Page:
Phone Banking: The Musical

There is the romance of political change, as broadcast in the sweeping, inspiring soundtracks of Hamilton and Les Miz:

Raise a glass to freedom, something they can never take away… Raise a glass to the four of us, tomorrow there’ll be more of us!

Red, the world about to dawn! Black, the night that’s gone at last!

Les Miz

And then there is sitting on the phone for hours leaving messages on people’s voicemails.

A year ago, I promised myself I would take the months of September and October and move to a swing state and walk door-to-door for whomever the Democratic presidential candidate would be. Instead the Covid pandemic arrived, door-to-door canvassing was cancelled by the party that listens to science, and we’re left with phone calling, texting, and writing postcards.

So I’m writing postcards. I’m phone banking. I don’t need to explain why: The New Yorker and The Atlantic and the New York Times document with eloquence and detail how our country is being goaded into hatred and division; racism is being legitimized; longstanding democratic institutions are being hollowed out; our environment is being wrecked; we have ceded the world stage to strongmen and bullies; self-interest and “winning” are lauded above all other values.

But get-out-the-vote (GOTV) volunteering is no fun, at least for me. None of it uses my skills or creativity. Phone calling combines the introvert’s anxiety at speaking to strangers with the frustration of getting mostly voicemails and disconnected numbers. Postcard writing takes advantage of my lovely elementary school penmanship (thank you, Mrs. Brodman and the Miss Tighes!) but makes me want to jump out of my skin. Sweep the patio, clean the kitchen sink, bother the cat—after neatly copying the same script ten or twelve times, I want to do anything other than write another postcard.

Perhaps I could cultivate a Zen-type meditative practice around it: Empty your mind, be here now, write the postcard. Perhaps.

Writing postcards to voters. Photo:Ilana DeBare


No matter, though. I need to do this. The stakes are so high: A few dozen hours of tedium now versus four more years of disaster—or 40+ years with the impact of judicial appointments—and all the regret and “could I have done more” that I’ll feel if Trump wins.

Those of us in the college-educated professional class are raised to feel that we are important, we are uniquely talented, we have skills honed over decades, we should be using those skills to make an Individual Mark. Yet national elections are an arena in which very few people can make an Individual Mark. Out of a nation of 328 million, maybe 1,000 people make a visible individual difference in a presidential race—candidates, campaign managers, leaders of broad grassroots movements, journalists at the biggest media, huge donors, or the rare CEO or celebrity.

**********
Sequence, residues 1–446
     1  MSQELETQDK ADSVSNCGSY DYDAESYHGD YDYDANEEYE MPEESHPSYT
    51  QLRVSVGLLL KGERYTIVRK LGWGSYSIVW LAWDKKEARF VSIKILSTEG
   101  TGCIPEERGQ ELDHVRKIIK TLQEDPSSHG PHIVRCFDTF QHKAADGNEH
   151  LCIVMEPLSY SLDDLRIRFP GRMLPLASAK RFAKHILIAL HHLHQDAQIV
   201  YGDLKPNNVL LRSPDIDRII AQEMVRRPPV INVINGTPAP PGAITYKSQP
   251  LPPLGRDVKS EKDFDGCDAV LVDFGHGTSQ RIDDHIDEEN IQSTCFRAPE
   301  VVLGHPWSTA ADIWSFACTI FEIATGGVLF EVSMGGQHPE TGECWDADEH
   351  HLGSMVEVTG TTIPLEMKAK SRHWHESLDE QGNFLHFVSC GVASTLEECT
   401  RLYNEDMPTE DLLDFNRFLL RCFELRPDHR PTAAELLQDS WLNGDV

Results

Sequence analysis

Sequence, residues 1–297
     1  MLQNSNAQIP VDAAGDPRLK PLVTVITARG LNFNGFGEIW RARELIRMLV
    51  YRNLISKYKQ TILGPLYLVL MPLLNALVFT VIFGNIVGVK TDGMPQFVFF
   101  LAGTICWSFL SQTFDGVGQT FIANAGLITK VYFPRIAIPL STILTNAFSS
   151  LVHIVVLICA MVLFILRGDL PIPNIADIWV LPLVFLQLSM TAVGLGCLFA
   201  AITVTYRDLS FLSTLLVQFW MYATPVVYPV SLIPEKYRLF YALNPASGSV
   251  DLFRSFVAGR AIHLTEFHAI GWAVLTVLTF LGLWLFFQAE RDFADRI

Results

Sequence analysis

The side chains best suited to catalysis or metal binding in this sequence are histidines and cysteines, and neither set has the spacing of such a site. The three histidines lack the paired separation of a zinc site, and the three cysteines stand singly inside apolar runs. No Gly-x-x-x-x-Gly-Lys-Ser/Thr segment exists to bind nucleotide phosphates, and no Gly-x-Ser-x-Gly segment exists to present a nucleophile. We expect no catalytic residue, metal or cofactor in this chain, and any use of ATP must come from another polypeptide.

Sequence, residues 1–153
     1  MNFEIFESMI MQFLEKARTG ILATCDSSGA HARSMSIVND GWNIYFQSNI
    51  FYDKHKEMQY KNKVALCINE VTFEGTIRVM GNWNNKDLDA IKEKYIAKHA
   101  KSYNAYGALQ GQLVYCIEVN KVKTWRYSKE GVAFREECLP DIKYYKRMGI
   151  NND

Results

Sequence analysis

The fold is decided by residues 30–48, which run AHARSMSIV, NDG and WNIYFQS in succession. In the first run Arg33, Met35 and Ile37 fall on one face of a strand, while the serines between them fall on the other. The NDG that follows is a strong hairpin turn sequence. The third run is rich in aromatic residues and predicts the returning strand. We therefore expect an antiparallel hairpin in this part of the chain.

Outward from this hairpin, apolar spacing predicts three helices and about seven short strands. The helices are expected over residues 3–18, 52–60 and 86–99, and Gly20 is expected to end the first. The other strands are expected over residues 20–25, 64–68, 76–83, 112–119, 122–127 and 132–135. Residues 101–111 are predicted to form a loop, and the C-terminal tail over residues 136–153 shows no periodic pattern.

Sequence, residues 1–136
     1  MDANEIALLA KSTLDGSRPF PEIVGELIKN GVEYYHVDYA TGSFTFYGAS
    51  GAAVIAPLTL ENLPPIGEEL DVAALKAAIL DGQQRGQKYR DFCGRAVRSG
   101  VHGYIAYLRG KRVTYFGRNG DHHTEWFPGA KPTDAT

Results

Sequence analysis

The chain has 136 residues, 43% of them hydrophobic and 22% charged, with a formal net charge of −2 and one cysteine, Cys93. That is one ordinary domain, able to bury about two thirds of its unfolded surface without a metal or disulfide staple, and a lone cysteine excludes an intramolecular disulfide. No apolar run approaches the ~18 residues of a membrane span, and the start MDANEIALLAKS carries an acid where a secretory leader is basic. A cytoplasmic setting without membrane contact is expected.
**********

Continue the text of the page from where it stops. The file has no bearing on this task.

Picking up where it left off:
The rest of us are foot soldiers, making phone calls and giving small amounts and writing postcards. The 60 phone calls I made on Monday evening are meaningless, except when they are combined with the 20 other people making calls in that particular Zoom event, and the hundreds of other local groups holding phone banks that same day, and then all the phone banks on other days of the week…

 Flip the West, which is doing GOTV for key Senate races, says its volunteers have done 2 million postcards, 1.5 million texts, and 400,000 phone calls in 2020. The Environmental Voter Project says it has spoken with one million non-voting environmentalists—many of them young, low-income, or people of color. And there are so many other organizations doing Democratic GOTV too, such as Indivisible, Swing Left, Black Voters Matter, Mi Familia Vota, Reclaim Our Vote, and more.

(I am fortunate enough to be able to use my writing/social media skills for one of them—Auk the Vote, which several of my birding friends recently set up to mobilize birdwatchers to get out the environmental vote. :-) )



None of these GOTV efforts offers rousing music like Hamilton or Les Miz. You’ll have to supply your own inspirational soundtrack. But the cast is a lot larger. The stage is immense. And this is a show that, for better or worse, won’t end after three hours.

Please get involved. Add your five or ten or fifty hours of volunteer GOTV to the rest of ours: You can find opportunities through any of the groups linked in this post. Even when the big picture seems out of my control, I feel a surge of optimism at how many of my friends are also doing this. I invite you to join us!

“Tomorrow” is now today. Get involved!

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